Of course, This was when Windows 96 was new Adobe Photoshop 4 was the standard, no one was working on laptops, and Lulu didn't exist. I feel like today's high school grads are cooking with gas while we were rubbing sticks together.

Ethan's got a great start, has obviously got some great resources at his disposal, and I hope he goes far!

On Apr.28.2008 at 08:04 PM
Jonas McGee’s comment is:

Oh great just what we need, another kid with a pirated copy of CS3 copying designs he has seen of the net. Yawn, next.

On Apr.28.2008 at 10:33 PM
Jonas McGee’s comment is:

Oh great just what we need another kid with a pirated copy of CS3 copying design he has seen on the net. Yawn, next.

On Apr.28.2008 at 10:34 PM
robert’s comment is:

Designs and illustrations are fun to make.
Being an 18 year old with a little digital camera, a notebook, some super fun projects and bunch of motivation seems pretty cool to me. + Draplin's Field Notes are better than a kick in the pants. I like to take mine to the hardware store.

On May.02.2008 at 03:27 AM
jewelz zilahy’s comment is:

Ethan has inspiration that many of us at chase collegiate lack. His future is a real and very close thing that he doesn't sit back and wait for but begins before even graduation. His ideas are original and interesting, both qualities that have influence where they need it. One can definitely count on seeing Ethan's work in other places then school hallways.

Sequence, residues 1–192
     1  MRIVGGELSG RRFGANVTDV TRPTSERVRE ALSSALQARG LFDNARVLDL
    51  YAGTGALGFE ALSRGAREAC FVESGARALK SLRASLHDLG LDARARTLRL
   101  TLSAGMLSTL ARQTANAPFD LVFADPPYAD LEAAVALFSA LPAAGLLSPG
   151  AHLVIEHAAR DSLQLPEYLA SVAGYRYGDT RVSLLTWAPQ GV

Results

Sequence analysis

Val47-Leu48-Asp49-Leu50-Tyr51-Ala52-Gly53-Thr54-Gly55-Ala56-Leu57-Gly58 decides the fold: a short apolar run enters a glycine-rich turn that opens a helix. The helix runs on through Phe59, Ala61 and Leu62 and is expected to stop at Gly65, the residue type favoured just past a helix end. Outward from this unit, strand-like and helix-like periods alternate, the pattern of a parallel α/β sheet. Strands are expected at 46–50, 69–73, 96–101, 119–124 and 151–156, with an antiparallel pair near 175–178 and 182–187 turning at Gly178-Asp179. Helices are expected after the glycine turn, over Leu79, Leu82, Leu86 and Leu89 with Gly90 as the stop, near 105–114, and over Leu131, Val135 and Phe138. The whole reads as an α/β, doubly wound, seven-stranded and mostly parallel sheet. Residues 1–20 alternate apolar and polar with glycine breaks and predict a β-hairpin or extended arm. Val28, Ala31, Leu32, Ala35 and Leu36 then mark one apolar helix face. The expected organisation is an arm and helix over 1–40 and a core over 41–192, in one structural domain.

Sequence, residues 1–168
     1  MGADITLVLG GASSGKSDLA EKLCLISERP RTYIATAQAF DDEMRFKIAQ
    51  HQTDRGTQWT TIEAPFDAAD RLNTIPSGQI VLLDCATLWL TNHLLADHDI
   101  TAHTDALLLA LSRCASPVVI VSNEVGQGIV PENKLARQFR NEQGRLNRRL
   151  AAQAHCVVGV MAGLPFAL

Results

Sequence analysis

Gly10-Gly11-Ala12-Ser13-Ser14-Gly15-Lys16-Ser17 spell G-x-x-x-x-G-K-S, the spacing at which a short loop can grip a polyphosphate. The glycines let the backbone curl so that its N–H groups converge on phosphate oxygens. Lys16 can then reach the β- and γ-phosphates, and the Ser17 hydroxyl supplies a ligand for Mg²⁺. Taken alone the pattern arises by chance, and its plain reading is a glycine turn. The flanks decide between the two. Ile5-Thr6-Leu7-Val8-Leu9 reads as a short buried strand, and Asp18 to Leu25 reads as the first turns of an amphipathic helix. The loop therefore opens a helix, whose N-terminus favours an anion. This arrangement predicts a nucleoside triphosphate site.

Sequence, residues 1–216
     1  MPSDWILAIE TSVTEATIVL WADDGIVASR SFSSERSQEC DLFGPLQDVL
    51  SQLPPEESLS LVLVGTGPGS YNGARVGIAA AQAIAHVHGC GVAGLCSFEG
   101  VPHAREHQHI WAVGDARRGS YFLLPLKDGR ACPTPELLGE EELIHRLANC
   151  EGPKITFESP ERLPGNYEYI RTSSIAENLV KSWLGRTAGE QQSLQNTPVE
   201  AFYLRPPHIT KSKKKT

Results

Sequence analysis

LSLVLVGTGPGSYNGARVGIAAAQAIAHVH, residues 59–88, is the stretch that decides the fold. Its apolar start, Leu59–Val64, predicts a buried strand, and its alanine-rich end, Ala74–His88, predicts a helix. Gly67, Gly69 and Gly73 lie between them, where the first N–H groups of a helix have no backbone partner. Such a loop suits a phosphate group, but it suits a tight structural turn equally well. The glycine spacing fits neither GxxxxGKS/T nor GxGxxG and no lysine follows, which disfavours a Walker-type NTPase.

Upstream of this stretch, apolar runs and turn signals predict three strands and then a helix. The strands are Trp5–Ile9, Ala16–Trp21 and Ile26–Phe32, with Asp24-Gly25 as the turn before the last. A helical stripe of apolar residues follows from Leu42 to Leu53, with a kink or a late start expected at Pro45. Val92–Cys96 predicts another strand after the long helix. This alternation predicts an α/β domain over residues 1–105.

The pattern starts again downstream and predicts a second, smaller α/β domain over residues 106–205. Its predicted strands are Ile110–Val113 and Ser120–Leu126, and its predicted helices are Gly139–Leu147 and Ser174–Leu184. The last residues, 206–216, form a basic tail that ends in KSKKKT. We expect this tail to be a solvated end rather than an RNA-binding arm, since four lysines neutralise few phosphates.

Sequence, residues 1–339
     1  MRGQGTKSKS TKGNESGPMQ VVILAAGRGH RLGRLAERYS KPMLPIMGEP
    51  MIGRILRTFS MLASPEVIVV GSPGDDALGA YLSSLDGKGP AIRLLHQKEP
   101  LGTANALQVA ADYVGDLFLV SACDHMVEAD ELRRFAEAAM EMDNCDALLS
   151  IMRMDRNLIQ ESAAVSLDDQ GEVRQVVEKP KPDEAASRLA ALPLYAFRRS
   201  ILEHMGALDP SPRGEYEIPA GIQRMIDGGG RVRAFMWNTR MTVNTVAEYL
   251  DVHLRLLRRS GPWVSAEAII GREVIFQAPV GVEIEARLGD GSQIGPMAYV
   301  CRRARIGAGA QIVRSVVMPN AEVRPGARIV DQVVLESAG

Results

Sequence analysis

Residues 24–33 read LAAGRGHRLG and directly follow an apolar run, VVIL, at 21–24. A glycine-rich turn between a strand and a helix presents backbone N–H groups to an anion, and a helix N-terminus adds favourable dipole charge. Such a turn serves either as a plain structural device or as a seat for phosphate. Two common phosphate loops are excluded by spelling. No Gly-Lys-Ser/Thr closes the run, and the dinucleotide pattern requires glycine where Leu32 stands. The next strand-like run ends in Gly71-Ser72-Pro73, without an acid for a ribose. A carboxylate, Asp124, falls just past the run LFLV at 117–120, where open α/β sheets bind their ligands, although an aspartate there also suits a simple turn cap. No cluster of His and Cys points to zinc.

p.s ethan -granola owns.

On May.08.2008 at 11:00 PM
Mikey P’s comment is:

Jonas McGee, if you have something positive to say, then say it, if you do not, please confide your trolling and idiocy to the inner workings of your apartment a.k.a. parent's basement. Clearly if this was not worth your time, you would not have made a comment on it.

As for designing, designs need to be based off something in order for concepts to come to life, be it nature, technology, or other works of art from previous creators. His art style is quite good, and should be shown respect rather than be subject to the pointless ramblings of a fool.

Keep designing Ethan, it looks top notch.

On May.14.2008 at 11:14 PM